…why would cookies ever need to work across domains? Authentication, shopping carts and all that good stuff can happen on the same domain. Third-party cookies, on the other hand, seem custom made for tracking and frankly, not much else.
Instead, then, I imagine that a Web re-invented today would treat third-party content a little like we treat CORS or we’re beginning to treat resource types specified by Content-Security-Policy and Feature-Policy headers. That is, website owners would need to “opt-in” to which third-party domains could be trusted to provide content, perhaps subdivided into scripts and cookies. This wouldn’t prohibit trackers, but it would make their use less of an assumed-default (develolpers would have to truly think about the implications of what they were enabling) and more transparent: it’d be very easy for a browser to list (and optionally block, sandbox, or anonymise) third-party trackers could potentially target them, on a given site, without having to first evaluate any scripts and their sources.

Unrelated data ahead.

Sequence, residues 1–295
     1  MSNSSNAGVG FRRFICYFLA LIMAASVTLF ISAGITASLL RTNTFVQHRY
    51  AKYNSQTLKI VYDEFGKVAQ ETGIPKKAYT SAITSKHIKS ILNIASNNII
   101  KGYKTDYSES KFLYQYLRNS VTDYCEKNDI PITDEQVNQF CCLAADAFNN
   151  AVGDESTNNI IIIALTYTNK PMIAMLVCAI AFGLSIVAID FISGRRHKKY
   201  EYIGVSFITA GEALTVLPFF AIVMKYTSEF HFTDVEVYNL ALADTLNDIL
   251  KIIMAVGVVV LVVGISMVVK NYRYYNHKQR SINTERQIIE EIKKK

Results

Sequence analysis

I was recently inspired by Dave Rupert to remove Google Analytics from this blog. For a while, there’ll have been no third-party scripts being delivered on this site at all, except through iframes (for video embedding etc., which is different anyway because there’s significantly less scope leak). Recently, I’ve been experimenting with Jetpack because I get it for free through my new employer, but I’m always looking for ways to improve how well my site “stands alone”: you can block all third-party resources and this site should still work just fine (I wonder if I can add a feature to my service worker to allow visitors to control exactly what third party content they’re exposed to?).